Lowest-Income Countries Hit Hardest by Climate Change

This article is a summary of a longer article by Monica Das Gupta, “Population, Poverty, and Climate Change,” World Bank Research Observer 29, no. 1 (2014): 83-108. All citations are included there.

(April 2015) The global problem of climate change poses the greatest threat to the least developed countries even though they have contributed relatively little to the current stock of emissions causing the problem.

Much of the developing world will experience climate-change induced declines in agricultural output, poorer health outcomes, disruption of rainfall patterns, and more frequent natural disasters, rendering some areas less habitable or inhabitable, and hinder poverty reduction and economic growth.

Food production will be a key issue for the least developed countries. The World Bank estimates that to meet the growing demand for food between 2005 and 2055, agricultural productivity will need to rise by about a third to accommodate population growth, by another third to meet rising consumption per capita, and by a further 80 percent to offset the projected stresses arising from climate change (see figure).

Reducing Fertility to Counter Climate Change

The least developed countries have limited climate change mitigation options. However, reducing fertility through family planning can help in the following ways:

  • With slower growth in population, available resources can be redirected to cope with the stresses associated with climate change, including strengthening systems for disaster management and disease prevention and control; and for mitigating threats to agricultural production.
  • Reduced fertility slows the pace of future global warming. Most of the projected future growth in emissions will be from the developing countries because of their economic growth and their population growth. Population growth is high in the least developed countries, adding to total emissions even if per capita emissions remain low. Since global warming hits these countries the hardest, they have the most to gain from slowing the growth of emissions.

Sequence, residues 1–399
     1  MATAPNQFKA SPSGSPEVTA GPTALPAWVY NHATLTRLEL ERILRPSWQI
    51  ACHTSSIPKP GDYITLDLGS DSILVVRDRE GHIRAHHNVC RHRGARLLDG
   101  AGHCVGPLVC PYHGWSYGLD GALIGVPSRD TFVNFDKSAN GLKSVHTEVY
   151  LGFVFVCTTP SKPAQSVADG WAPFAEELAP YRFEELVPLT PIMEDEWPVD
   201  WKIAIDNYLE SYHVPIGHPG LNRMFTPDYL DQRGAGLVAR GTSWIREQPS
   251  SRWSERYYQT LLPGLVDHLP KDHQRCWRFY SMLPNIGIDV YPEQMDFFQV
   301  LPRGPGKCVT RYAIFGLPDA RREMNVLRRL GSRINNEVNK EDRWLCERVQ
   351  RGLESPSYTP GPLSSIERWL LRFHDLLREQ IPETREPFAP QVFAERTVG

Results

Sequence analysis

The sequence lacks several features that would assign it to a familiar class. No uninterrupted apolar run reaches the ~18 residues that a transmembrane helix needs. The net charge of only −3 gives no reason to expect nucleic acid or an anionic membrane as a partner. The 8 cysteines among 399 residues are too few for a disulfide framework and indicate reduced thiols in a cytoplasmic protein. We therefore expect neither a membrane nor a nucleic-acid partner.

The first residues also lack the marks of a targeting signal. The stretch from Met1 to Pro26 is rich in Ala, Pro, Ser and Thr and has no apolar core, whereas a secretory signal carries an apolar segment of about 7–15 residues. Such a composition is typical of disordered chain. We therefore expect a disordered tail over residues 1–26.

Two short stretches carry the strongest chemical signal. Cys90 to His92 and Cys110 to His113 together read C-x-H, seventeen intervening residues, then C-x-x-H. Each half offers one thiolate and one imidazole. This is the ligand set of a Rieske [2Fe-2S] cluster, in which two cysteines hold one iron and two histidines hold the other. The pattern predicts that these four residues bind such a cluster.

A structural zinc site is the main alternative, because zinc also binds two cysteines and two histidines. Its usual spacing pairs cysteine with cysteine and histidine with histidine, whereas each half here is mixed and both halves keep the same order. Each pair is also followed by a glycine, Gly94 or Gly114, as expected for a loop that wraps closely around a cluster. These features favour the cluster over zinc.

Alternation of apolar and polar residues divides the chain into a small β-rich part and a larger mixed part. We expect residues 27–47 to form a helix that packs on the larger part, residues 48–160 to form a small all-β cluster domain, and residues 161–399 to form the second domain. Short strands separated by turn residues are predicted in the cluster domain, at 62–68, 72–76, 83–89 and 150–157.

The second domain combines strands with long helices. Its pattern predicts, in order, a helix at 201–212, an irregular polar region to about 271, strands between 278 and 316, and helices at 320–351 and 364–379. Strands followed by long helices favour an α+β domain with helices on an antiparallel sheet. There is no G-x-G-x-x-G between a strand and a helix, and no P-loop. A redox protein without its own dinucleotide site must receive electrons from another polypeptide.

Lower fertility also increases per capita resources to invest in the human and physical capital needed for economic growth and poverty reduction. By extension, lower fertility also reduces pressure on jobs and livelihoods. Levels of youth unemployment are already high in much of sub-Saharan Africa, and the United Nations estimates that their youth population will rise sharply for decades. The World Bank estimates that available cropland per agricultural person has decreased sharply. Economic growth expands resources for coping with climate change, and better livelihoods will help people avoid vulnerable ecological niches.

Studies from both developed and developing countries show that increasing access to contraceptive services helps to lower fertility, and benefits women and their households in many ways. Such services most benefit women who are poor and uneducated, and their children’s schooling and health.